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Despite the rise of social media, email is still the marketing mainstay of many businesses—and the numbers show us why. According to the Radicati Group, a technology market research firm, worldwide email accounts will increase 27 percent between 2014 and 2018, from 4.1 billion to more than 5.2 billion. Additionally, the number of worldwide email users—both business and consumer—will increase 12 percent during the same period. Whatever your industry, chances are excellent that most of your customers are on email and willing to subscribe to communications from your company.

If you believe you’ll never experience a
home fire, the odds are against you. The NFPA Fire Analysis and Research Division states Americans can expect to average a home fire every 15 years or five fires in their lifetime. While most of these fires will be small, cause little to no damage, and go unreported, you have a one in four chance of experiencing a home fire that requires fire department assistance.

Fortunately, you can improve your family’s chances of surviving—and protect your structure and other belongings—by following these tips:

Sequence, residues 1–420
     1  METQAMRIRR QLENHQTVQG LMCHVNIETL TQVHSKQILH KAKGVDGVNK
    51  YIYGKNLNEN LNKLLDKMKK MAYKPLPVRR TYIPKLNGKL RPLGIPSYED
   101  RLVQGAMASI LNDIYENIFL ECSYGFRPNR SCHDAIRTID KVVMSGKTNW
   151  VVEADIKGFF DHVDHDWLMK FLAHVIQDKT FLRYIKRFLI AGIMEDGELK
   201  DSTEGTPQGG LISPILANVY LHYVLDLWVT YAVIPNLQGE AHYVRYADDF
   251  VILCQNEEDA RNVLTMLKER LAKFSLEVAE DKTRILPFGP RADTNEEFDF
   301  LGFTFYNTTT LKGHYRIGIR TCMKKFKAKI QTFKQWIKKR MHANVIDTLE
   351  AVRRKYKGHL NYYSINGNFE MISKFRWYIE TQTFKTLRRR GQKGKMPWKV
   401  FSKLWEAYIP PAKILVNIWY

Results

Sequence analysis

Cook with care – Never leave the kitchen while you are frying, grilling or broiling food. Additionally, do not leave items on or in your oven to simmer, bake, roast or boil while you’re away from home. If you must leave—even to run to the store or pick up your kids from school—turn off the stove.

Energy efficiency, environmental sustainability, occupant health—these concerns and more are driving the green building trend and surge in U.S. Green Building Council LEED-certified structures. The council predicts total revenue across the eco-friendly construction industry will grow to $290 billion by 2017, and they intend to certify 1 million commercial buildings by 2020.

Unfortunately, the benefits that green construction provides building owners—including reduced operating expenses, higher asset value and a reputation for environmental stewardship—may come at a cost to construction employees. In fact, a study conducted by the Center for Construction Research and Training suggests that LEED-focused construction projects pose notably higher risks to workers.

A required minimum distribution, or RMD, is the minimum amount one must withdraw from an IRA or retirement account each year. RMDs typically kick in after the owner of the account turns 70.5, and if your company offers any sort of employer-sponsored retirement plan (including profit-sharing plans, 401(k) plans, 403(b) plans and 457(b) plans) you could face serious consequences if your 70.5 and up workers fail to meet the RMD requirements.

Consider the following employer RMD responsibilities as well as the steps you should take to protect your invested workers and your plan, from alerting participants who are approaching RMD age to activating the fund withdrawal.


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